Speaker 1: Ya-Chien Feng
Title: Better use of ground targets for radar refractivity retrievals
Radar refractivity retrievals provide insight on the high-resolution distribution of near-surface moisture that is considered important to study convective and boundary layer processes. These retrievals are based on the fact that the phase of a stationary target changes with the refractivity index of air along the radar beam path. Accurate refractivity retrievals are critical for quantitative applications, such as assimilating refractivity into numerical models or radar network implementation. To obtain a good quality refractivity field at a given height above the terrain, it is necessary to know the vertical gradient of refractivity (dN/dh) between the radar and the target.
A new method for determining the vertical profile of refractivity is proposed based on the power pattern of selected point-like ground targets. The temporal evolution of the returned power from the targets records the diurnal variation of the dN/dh associated with the near-surface mixing conditions that affect the radar beam propagation. The resulting dN/dh estimation shows skill based on in-situ tower observation. The newly obtained information shall improve the original refractivity retrieval method, especially on complex topography.
Speaker 2: Bryn Ronalds
Title: On the relationship between North Atlantic baroclinic growth rate regimes and surface cyclogenesis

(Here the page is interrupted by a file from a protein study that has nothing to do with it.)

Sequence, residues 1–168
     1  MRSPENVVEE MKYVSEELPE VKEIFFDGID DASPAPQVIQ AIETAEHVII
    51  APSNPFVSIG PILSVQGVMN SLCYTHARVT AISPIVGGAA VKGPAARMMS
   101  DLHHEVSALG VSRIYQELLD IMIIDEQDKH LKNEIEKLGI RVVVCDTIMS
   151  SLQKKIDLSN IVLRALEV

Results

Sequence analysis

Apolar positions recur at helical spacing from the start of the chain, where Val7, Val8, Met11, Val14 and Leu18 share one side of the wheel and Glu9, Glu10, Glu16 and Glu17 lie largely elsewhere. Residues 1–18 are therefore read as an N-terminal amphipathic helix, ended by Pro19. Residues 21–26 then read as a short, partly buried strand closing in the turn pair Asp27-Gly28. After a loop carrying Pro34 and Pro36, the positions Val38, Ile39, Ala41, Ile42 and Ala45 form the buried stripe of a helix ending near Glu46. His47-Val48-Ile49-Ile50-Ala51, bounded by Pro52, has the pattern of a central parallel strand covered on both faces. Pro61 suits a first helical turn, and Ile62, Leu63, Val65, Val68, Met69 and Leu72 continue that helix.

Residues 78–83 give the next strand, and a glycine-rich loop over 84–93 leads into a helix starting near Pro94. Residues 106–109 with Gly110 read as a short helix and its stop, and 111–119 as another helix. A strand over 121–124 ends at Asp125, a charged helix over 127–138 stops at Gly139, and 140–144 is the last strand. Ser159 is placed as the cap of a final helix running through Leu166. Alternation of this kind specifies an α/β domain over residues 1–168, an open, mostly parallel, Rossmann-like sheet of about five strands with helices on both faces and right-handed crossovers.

Baroclinic instability is the primary mechanism for midlatitude surface cyclogenesis. A metric used to measure this is the baroclinic growth rate, which is a calculation of both the static stability and horizontal temperature gradients over the bottom layer of the troposphere (850-600 hPa). An areal coverage of the North Atlantic basin (25-60°N and 0-80°W) by high moist baroclinic growth rates (σm) was computed in order to identify large-scale ideal conditions for cyclogenesis, and a time series of the standardized anomalies was obtained. Concentrating solely on the cold season months (DJF), all synoptically independent events with standardized anomalies greater than two and length greater than four consecutive days were identified (n=7). It was found that each was associated with significantly anomalous cold thicknesses over a large portion of North America prior to the event, and warm thickness anomalies on the equatorward side of the jet during the event. Each event also had very deep low pressure centres over the northeast quadrant of the North Atlantic. Most of the cyclones within the basin deepened with a rate greater than 1 Bergeron, therefore fitting the definition of bombogenesis, and were located within the poleward exit region of an anomalously strong and zonally extended tropopause jet.